Telecom may be crowing over its broadband uptake figures but the numbers don’t stack up for the wholesale side of the market.
Telecom set itself a target of 250,000 broadband residential customers, one third of which would be delivered via wholesale. Telecom has exceeded the total number of broadband customers, with 279,123 active residential users.
However its wholesale target has not been met, with only 23% of that total being delivered via wholesale.
Ernie Newman, chief executive of the Telecommunications Users Association, says New Zealand is slipping behind the rest of the world and that a wholesale market of 60,000 customers isn’t enough to sustain a viable ISP business in New Zealand.
“Government has to realise it’s an unhealthy level of market dominance and it has to strengthen the Telecommunications Act accordingly.”
Minister of communications David Cunliffe told Computerworld in December that the goal of only one third of customers delivered via wholesale was “on the light side” and he would take a dim view of Telecom missing that target.
Telecom, however, has declared itself well satisfied with the numbers, saying it intended the one third wholesale target to be one third of new customers, not of all customers.
Telecom claims broadband uptake rates in New Zealand outstrip the OECD average, however Newman disputes that, saying Australia has ten times the number of connections New Zealand has with only five times the population.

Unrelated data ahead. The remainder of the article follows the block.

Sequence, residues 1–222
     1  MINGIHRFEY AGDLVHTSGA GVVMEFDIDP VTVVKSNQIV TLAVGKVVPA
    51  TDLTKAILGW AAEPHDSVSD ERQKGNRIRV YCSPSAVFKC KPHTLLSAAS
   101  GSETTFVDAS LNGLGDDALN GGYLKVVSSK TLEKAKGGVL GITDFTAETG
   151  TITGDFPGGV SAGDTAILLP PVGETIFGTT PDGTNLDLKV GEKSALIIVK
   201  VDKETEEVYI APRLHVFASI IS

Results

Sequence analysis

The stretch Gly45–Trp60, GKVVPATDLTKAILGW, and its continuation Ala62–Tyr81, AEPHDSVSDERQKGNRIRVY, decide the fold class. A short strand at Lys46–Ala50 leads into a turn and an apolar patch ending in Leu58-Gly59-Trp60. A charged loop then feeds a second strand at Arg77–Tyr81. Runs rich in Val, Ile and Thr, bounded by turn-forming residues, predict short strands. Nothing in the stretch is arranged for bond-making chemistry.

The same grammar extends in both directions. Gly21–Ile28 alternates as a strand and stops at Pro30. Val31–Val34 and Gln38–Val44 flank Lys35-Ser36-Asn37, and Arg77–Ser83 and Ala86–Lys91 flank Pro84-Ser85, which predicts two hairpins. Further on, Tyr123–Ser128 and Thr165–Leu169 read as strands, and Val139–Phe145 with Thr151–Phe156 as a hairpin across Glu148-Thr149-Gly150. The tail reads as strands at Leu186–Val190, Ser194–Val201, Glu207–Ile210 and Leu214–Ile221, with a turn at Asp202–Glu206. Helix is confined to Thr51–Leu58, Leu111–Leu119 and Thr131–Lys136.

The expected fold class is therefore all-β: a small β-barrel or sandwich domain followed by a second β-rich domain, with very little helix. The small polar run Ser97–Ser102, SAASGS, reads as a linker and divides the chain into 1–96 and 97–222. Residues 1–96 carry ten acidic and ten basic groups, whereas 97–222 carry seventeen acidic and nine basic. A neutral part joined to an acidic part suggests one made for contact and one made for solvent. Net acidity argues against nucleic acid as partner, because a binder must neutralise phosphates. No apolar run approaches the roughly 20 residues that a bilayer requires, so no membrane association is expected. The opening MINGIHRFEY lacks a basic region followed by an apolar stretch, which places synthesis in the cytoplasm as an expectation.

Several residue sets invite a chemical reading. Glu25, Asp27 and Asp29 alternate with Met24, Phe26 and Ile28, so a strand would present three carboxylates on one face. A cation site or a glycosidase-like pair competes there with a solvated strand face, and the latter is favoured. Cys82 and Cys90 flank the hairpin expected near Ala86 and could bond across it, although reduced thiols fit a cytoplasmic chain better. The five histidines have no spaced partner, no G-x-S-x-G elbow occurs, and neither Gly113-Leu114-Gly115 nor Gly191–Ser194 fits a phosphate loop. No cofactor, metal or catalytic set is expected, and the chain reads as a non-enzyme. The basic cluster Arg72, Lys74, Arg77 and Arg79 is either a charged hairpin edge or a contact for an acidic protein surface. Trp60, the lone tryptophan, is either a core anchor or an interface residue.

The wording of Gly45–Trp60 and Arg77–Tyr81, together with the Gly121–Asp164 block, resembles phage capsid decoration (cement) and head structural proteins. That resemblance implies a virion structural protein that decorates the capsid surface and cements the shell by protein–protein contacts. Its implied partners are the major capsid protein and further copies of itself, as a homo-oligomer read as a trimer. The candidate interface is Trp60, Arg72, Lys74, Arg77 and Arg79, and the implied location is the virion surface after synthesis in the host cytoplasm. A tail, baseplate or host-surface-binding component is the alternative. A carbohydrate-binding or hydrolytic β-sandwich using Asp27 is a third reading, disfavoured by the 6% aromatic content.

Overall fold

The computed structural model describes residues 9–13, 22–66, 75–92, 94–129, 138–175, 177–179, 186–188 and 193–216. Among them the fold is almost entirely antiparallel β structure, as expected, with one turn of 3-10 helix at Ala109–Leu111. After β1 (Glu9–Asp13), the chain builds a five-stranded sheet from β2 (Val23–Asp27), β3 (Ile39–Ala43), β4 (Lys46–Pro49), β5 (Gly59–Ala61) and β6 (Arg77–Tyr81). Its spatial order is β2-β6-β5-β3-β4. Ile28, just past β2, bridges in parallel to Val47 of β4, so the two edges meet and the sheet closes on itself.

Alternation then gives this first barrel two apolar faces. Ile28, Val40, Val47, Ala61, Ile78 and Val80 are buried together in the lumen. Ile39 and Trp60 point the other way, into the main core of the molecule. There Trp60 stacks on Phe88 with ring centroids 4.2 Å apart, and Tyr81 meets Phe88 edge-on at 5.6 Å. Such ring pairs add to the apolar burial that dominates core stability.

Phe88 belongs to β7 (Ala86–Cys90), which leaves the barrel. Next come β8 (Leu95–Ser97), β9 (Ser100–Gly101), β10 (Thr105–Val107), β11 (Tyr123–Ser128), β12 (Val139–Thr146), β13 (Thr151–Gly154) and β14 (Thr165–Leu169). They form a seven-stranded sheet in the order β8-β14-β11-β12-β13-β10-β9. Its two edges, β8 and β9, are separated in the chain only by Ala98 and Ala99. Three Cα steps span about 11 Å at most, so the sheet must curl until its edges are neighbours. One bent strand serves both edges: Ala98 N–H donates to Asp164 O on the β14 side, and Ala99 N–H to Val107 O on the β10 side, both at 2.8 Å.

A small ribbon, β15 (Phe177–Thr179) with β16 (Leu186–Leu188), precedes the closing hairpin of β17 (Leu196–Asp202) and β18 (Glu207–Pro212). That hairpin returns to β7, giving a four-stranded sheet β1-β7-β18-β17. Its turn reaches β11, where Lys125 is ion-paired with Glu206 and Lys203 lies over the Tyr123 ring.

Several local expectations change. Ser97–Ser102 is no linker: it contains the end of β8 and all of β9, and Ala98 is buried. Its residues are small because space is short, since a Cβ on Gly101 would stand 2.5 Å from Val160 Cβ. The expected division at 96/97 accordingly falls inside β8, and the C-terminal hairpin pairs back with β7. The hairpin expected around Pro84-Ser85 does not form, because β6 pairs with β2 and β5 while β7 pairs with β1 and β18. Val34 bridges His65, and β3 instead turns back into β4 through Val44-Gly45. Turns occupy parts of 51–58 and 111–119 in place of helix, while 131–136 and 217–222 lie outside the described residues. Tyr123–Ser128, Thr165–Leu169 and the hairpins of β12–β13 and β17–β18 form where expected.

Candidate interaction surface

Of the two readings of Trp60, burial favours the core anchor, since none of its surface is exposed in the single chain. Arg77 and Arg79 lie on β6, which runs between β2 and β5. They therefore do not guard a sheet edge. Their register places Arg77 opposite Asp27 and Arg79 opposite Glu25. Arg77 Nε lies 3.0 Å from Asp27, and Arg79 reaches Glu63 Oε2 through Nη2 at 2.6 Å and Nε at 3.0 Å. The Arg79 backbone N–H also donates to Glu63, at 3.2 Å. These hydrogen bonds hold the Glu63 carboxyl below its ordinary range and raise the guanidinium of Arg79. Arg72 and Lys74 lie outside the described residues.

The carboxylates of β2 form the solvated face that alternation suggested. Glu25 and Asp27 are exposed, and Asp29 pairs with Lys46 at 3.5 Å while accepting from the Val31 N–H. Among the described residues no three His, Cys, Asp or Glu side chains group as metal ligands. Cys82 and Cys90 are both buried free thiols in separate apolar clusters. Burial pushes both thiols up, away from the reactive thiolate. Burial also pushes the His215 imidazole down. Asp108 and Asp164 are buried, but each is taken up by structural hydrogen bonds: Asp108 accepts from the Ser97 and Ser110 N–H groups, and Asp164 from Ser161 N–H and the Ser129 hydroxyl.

“I see no evidence that New Zealand is growing faster than the OECD average and if anything we’re coming off a very low base so we should be growing much faster than that.”
Telecom suggests this year will also see a change in the market’s pricing and structure with the introduction of new technologies, such as wireless broadband standard WiMax.
Meanwhile in the mobile space, Vodafone’s share of the cellular phone market continues to shrink as Telecom puts on record numbers of new customers.
Telecom added some 135,000 new mobile customers for a total of 1,808,000 last quarter. Vodafone in comparison picked up 68,000 new customers in the same quarter, reaching 2,024,000 according to its figures.
This gives Telecom 47.2% of 3,832,000 mobile customers. Vodafone is still ahead with 52.8%, down from 54% in the September 2005 quarter. The market share for Vodafone has steadily declined from 55.7% in December 2004, despite the company increasing its customer numbers by launching 3G network services.
However, Vodafone’s average revenue per user (ARPU) is still ahead of Telecom at $51 compared to $47. The ARPUs have declined for both telcos over the past five quarters, thanks to an increased in pre-pay customers who use phones from both Telecom and Vodafone.